Benefactions in Snodland by the Hook family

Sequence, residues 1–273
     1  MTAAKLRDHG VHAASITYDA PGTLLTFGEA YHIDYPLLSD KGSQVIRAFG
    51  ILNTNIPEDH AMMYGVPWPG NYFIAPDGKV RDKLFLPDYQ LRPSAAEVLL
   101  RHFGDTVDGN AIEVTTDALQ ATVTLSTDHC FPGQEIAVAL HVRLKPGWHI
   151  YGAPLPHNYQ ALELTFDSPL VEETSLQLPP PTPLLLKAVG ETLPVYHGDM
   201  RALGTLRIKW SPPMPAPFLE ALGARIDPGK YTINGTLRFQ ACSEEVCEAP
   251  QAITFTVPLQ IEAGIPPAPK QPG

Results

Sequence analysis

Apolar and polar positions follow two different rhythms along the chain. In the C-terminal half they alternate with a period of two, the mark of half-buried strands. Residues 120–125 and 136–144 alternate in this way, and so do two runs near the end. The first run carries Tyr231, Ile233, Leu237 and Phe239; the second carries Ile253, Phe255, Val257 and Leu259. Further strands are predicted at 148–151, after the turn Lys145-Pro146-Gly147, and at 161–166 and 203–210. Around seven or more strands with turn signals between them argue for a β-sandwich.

The Hook family came to Snodland in 1854 as the new owners of the paper mill. They brought with them the Swedenborgian faith and a determination to improve the lives of Snodland parishioners. Their most substantial bequests are these: c.1870: Charles Townsend Hook acquired the British Schools. The family paid all expenses apart from a £90 government grant. 1870: Mrs Eustace Hook gave stained glass windows in All Saints church and later contributed to the cost of the tiles on the chancel floor. 1877: The Clock Tower was built in memory of Charles Townsend Hook. 1878: Gas lamps were provided for the parish with gas supplied from the mill gasometers. 1881: The Temperance Coffee Tavern in May Street was opened. 1882: The New Jerusalem church (Swedenborgian) was consecrated on 27 June 1887: The Providence Chapel (replaced by the Congregational church in the High Street) was sold to the Misses Hook to become the infant department of the British Schools. 1893: Three almshouses in memory of Eustace Hook were opened on 27 December. One was for a member of the New Jerusalem church; one for a member of the Church of England, nominated by the Rector; one for a person elected by the Nonconformists. 1893: The Technical School in Waghorn Road was opened. It supplemented the work of the British Schools, teaching boys woodwork and metalwork. 1895: The Devonshire Rooms opened as a Sunday School for the New Jerusalem church and for use as a parish meeting place. 1897: Maude and Agnes gave the Cricket Pavilion as a memorial of Queen Victoria’s Diamond Jubilee. 1900: The Public Baths in Queen’s Avenue were opened, and given to the parish council. Twenty-five lime trees were given to the cemetery. 1903: The six Drummond almshouses were opened in memory of the Hook’s governess Amelia Drummond. 1915: Maude gave land for a fire station in Waghorn Road (which was built in 1923).